One of the biggest Japan-related tech stories from 2012 was the success of Cygames’ social card battle game Rage of Bahamut on DeNA’s Mobage network. Whether or not Japanese social games can succeed in markets abroad is a very interesting question, and Bahamut so far is perhaps the most convincing evidence to date that they can. With over 10 million users around the world, Rage of Bahamut has been an unexpected success, and a fixture atop the iOS and Android top grossing charts for the majority of 2012.
While the folks at DeNA couldn’t disclose exactly how profitable Bahamut has been, they did proudly refer to it as “one of the most valuable apps in history.” Of course, the mobile gaming space is still young, but the feats of Bahamut and its developer Cygames, both at home and abroad, are certainly impressive. DeNA was impressed too, picking up a 20% stake in Cygames back in November of 2012 for the price of $92 million.
I recently got in touch with some representatives from Cygames to find out more about the process of bringing Bamahut to markets outside Japan. Cygames’ Yuito Kimura was one of three directors, along with Akihiro Iino and Koichi Watanabe who originally developed the Rage of Bahamut concept. I asked him if they were confident that such mobile game genre like card battle games – which at that point were only really proven in Japan – could excel in overseas markets.
To be honest, not really. Back then, no card games like the ones popular in Japan had become breakout hits overseas. We really felt that there would be no way to know without giving it a try.
Cygames had ridden DeNA’s Mobage platform to success in Japan, and they thought perhaps the success of the partnership could extend overseas. DeNA executive Junichi Akagawa noted that they did think that “the desire to collect cool cards should be something universal,” and because of great artwork and past success in the Japanese market, they certainly thought it had the potential to be a hit internationally.
Evolving abroad ¶
Since then, as we all know, Bahamut has been performed amazingly well on top grossing app charts, displaying surprising staying power (see charts below). Kimura says one reason for the games success is because they are always updating and improving it. In terms of making the game appealing for English-speaking users, there was some reworking of the design as well to appeal to Western audiences.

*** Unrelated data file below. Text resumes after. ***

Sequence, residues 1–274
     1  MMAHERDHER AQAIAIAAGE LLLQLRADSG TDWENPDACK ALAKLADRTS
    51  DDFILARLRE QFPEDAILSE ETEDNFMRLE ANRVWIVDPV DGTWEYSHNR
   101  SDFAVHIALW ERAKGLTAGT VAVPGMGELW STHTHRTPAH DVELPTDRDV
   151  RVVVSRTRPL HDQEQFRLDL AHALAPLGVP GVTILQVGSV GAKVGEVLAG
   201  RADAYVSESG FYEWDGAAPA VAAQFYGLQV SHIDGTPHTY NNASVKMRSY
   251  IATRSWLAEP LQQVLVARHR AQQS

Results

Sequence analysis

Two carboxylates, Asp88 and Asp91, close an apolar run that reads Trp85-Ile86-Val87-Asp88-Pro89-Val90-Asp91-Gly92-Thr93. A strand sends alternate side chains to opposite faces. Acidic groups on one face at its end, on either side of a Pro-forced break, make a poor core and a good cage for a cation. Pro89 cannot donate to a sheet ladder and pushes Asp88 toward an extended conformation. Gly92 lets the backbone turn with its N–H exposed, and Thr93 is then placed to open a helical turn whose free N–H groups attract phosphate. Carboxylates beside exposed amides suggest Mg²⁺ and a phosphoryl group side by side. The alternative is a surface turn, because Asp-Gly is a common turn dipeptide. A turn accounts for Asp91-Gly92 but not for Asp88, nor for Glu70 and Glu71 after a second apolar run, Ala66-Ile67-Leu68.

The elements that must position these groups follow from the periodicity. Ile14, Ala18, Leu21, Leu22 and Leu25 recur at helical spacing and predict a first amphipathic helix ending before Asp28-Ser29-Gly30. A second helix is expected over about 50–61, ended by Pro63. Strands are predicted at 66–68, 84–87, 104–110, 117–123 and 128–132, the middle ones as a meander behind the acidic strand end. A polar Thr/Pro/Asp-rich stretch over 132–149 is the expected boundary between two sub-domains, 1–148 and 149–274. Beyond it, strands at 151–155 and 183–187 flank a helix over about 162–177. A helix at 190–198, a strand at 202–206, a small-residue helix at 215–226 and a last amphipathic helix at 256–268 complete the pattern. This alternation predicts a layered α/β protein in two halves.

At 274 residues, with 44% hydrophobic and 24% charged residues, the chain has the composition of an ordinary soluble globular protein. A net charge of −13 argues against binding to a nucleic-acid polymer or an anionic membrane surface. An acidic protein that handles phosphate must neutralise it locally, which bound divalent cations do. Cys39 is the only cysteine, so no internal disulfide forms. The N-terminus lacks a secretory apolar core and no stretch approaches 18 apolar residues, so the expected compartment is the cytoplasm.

When I recently spoke to the folks from app metrics firm App Annie, one representative also cited outstanding marketing as one of the main reasons why Bahamut has done so well. But it’s important to note that the game was marketed differently abroad than it was in its home market. While the game was heavily advertised on television in and with out-of-home ads in Japan, a referral code system played a large role in helping the game spread in overseas markets. I can attest to this first hand actually, as anything that I’ve written about Bahamut in the past tends to attract a ton of comments from gamers who want to share their codes with others .
The game’s impressive artwork has surely helped Bahamut’s popularity among gamers, and I’m told that Cygames illustrator’s have previously worked on Japanese ‘AAA’ game titles . In fact, a collection of artwork from the game was recently published as a book and is now available on Amazon Japan.
Kimura says that in total, the amount of people who worked on Bahamut is roughly the same as would be required for a console.
Whatever the reason for Bahamut’s popularity to date, it’s certainly a good example of a Japanese export thriving on a global scale. February 21st will mark the one-year anniversary of Bahamut on ‘Mobage West,’ so it will be interesting to watch Cygames moving forward with this and other titles for the international market.
More recently, I’ve observed the same with Battle Cats, although this referral code mechanic is by no means unique to these two. ↩
I’m not sure what AAA means, but you can bet it’s way better than AA. ↩